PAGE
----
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Illinois Surpasses 1,000 Coronavirus Deaths As 125 More Perish In Largest Daily Toll Yet

Gov. JB Pritzker spoke at his daily coronavirus briefing.

Gov. JB Pritzker speaks at a press conference on the updates about COVID-19 in Illinois on Friday, March 20, 2020 in Chicago.
Colin Boyle/Block Club Chicago
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CHICAGO — The state of Illinois hit a grim milestone Thursday as the total number of deaths from the coronavirus outbreak passed 1,000.

Gov. JB Pritzker announced 125 people died in the past 24 hours, bringing the state’s death toll to 1,072. It was the largest number of deaths in one day since the pandemic swept into Illinois.

“These are family members and loved ones, neighbors and friends,” the governor said. “Today we mourn with their communities and we offer them our solace and our strength.”

An additional 1,140 people were confirmed to have the virus in the past day, bringing the total number of confirmed cases to 25,733. Many of those people have since recovered.

Officials estimate thousands of lives have been saved by the state’s stay at home order as well as the closures of bars and restaurants for anything other than carry-out service. Some 1,700 lives in Chicago alone have been spared, officials estimate.

The stay at home order is set to expire April 30, and other states have already extended their order. Pritzker said he continues to review whether to extend the Illinois order, but he hasn’t made a decision.

Illinois has partnered with six other states in the Midwest so they can collaborate as each looks for ways to ease their lockdowns and restart their economies.

The priority for all of them is protecting workers and customers, Pritzker said, and each says there needs to be more widespread testing and tracing and the ability to treat people who are ill before stay at home orders can be fully lifted.

“We’re continuing to [talk to experts] and we’ll be making announcements about decisions over the next several days, I’m sure, over the next week,” he said.

“I talk to a number of governors. … I certainly look at what they’re doing and I listen to them. They listen to me. … Each of us has taken ideas from one another. I think what we’re trying to do with the collaborative effort together is to make sure that we’re using similar criteria.”


Coronavirus can be deadly, but the vast majority of cases have been mild. Those most at risk from the virus are people who are elderly or who have underlying health conditions.

Symptoms of coronavirus can appear two to 14 days after a person has been exposed to the virus, according to the Centers for Disease Control. People with no symptoms may have the virus and spread it to others.

The virus spreads between people through coughing and sneezing, according to the Illinois Department of Public Health.

The most common symptoms:

  • Fever
  • Cough
  • Shortness of breath

People have also experienced body aches, nasal congestion, runny nose and sore throat, according to Harvard Medical School.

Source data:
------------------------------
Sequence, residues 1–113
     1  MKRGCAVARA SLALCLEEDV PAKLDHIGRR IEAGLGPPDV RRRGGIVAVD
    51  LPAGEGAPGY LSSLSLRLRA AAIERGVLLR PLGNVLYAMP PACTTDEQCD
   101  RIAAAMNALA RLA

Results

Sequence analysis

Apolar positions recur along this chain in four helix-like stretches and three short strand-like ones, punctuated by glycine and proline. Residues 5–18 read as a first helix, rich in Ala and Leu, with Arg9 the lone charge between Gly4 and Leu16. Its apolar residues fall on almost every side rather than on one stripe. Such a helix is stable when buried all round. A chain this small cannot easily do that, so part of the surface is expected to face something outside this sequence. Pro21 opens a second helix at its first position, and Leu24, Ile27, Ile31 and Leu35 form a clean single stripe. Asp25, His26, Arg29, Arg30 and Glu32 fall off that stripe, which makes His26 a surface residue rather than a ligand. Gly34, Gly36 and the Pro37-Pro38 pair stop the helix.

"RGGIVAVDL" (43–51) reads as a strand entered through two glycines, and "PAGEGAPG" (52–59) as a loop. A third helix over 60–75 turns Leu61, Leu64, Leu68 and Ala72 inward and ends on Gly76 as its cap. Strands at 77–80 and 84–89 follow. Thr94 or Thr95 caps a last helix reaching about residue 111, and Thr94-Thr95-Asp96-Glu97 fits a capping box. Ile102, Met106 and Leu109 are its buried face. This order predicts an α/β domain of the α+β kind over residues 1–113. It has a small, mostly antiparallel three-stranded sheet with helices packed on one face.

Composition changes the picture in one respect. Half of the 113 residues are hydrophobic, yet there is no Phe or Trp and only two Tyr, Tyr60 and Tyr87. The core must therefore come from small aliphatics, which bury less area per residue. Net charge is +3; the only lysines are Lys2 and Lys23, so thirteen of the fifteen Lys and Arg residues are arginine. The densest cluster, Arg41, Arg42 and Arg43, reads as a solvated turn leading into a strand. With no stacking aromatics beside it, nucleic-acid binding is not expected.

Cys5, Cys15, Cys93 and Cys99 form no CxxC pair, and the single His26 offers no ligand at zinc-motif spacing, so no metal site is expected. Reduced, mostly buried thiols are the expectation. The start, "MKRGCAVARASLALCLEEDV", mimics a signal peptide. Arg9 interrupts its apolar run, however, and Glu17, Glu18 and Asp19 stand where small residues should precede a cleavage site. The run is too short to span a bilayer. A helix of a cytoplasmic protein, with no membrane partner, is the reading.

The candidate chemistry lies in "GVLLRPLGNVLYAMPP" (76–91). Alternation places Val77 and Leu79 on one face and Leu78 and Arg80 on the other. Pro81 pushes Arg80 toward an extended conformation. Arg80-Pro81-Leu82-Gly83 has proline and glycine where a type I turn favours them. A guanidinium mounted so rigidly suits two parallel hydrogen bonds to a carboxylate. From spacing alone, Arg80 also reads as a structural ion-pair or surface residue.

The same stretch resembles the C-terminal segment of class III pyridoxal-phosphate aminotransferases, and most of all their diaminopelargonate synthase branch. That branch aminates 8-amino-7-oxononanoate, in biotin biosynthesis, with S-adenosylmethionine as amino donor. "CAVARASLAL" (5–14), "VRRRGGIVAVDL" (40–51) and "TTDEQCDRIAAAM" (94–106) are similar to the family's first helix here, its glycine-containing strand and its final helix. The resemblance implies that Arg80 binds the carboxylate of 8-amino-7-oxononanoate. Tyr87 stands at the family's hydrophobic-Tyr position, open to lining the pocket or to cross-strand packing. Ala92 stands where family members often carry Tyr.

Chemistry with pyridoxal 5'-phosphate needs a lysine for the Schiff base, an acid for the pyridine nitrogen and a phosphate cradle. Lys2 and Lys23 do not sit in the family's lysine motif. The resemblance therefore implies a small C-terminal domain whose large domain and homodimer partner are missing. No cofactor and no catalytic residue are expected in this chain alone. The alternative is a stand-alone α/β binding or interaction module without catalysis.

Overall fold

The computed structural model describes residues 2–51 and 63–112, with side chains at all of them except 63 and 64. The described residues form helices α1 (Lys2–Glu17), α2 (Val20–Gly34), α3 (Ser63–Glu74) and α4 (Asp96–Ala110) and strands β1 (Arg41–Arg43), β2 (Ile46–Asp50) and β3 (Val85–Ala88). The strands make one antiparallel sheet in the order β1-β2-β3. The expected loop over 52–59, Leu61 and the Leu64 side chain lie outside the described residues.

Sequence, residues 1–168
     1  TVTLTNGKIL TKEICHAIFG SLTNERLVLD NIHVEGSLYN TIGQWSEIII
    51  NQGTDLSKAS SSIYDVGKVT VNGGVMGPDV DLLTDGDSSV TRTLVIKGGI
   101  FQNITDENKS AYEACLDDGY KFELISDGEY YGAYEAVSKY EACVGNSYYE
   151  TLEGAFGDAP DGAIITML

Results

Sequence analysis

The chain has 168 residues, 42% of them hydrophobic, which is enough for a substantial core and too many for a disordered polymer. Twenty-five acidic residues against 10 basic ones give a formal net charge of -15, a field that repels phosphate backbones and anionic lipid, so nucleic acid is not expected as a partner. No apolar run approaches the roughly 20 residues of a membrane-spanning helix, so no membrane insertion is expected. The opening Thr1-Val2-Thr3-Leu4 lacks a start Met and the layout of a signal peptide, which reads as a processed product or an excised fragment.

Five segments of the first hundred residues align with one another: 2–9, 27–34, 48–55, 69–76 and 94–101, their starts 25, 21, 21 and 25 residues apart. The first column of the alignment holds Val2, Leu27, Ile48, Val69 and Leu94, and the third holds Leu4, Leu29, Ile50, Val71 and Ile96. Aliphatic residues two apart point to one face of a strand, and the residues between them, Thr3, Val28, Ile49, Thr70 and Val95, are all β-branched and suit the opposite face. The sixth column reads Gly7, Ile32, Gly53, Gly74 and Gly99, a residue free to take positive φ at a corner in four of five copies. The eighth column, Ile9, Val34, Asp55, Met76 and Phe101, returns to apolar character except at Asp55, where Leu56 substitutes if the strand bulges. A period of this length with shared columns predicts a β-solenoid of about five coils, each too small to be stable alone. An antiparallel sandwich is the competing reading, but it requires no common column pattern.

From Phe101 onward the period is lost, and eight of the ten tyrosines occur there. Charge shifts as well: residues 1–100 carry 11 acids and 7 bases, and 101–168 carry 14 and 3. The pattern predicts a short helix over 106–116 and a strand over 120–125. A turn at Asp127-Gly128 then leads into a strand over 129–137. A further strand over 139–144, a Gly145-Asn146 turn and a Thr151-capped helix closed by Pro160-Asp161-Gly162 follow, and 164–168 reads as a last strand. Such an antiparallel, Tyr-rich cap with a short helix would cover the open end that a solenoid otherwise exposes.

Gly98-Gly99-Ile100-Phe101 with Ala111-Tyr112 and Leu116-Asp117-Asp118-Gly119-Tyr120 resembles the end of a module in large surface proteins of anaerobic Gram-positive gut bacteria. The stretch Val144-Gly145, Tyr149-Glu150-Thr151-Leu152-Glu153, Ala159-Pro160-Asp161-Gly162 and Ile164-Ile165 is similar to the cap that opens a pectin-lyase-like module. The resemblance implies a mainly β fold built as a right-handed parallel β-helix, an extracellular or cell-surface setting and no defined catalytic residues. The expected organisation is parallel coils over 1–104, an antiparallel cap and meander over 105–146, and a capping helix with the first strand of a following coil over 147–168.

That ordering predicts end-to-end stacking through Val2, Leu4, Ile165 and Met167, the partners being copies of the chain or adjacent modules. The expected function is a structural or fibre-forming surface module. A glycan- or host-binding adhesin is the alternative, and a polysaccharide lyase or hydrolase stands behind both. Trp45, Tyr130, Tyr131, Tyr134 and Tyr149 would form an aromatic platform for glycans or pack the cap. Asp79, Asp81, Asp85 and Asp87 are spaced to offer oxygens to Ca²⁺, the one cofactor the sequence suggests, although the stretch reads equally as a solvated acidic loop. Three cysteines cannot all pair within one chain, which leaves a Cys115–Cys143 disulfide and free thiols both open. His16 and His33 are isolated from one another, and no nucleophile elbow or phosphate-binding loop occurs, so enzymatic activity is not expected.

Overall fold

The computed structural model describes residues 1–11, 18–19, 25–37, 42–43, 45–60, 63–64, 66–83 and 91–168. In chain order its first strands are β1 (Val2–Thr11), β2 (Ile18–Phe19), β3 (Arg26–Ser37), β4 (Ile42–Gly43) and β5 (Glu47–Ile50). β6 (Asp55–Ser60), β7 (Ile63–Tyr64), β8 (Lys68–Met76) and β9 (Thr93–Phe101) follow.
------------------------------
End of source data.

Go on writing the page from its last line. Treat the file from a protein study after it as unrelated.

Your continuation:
If you or someone else has difficulty breathing, persistent pain or pressure in the chest, become confused, cannot be roused or develop a bluish face or lips, get immediate medical attention, according to the CDC.

How To Protect Yourself

Here’s what you can actually do to prevent getting ill:

  • The CDC and other officials have said people should wash their hands often, including before, during and after eating; after using the bathroom; and after blowing your nose, coughing or sneezing.
    The CDC has a guide here for how to properly wash your hands. Remember: Wash with soap and water, scrubbing your hands for at least 20 seconds.
  • If you can’t wash your hands with soap and water, you can use an alcohol-based hand sanitizer, according to the Illinois Department of Public Health.
  • Avoid touching your face, especially your eyes, nose and mouth, with unwashed hands.
  • Clean and disinfect objects and surfaces you touch frequently, like cellphones and light switches. Here are tips from the CDC.
  • Stay home when you’re sick and avoid close contact with people who are sick.
  • If you have to sneeze or cough with a tissue, throw it out immediately after using it, according to the CDC.

What To Do If You Think You’re Sick

Even if you’re not showing symptoms, the Chicago Department of Public Health recommends people coming from high-risk countries (here’s a CDC list) self-quarantine for 14 days after returning home.

If you do have symptoms of coronavirus, contact your primary doctor or a health care facility before going in. Explain your symptoms and tell them if you’ve come into close contact with anyone with coronavirus or traveled to an area where COVID-19 is widespread (here’s a CDC list) within the last 14 days, according to the Illinois Department of Public Health.

From there, the experts will work with your local health department to determine what to do and if you need to be tested for coronavirus, according to the Illinois Department of Public Health.

And, of course, if you think you’re sick with coronavirus, don’t risk exposing other people to the virus. Anyone who feels unwell has been ordered to stay home or risk getting a $500 fine.

Those with questions and concerns about coronavirus can call the Illinois Department of Public Health at 800-889-3931.

Block Club Chicago’s coronavirus coverage is free for all readers. Block Club is an independent, 501(c)(3), journalist-run newsroom.

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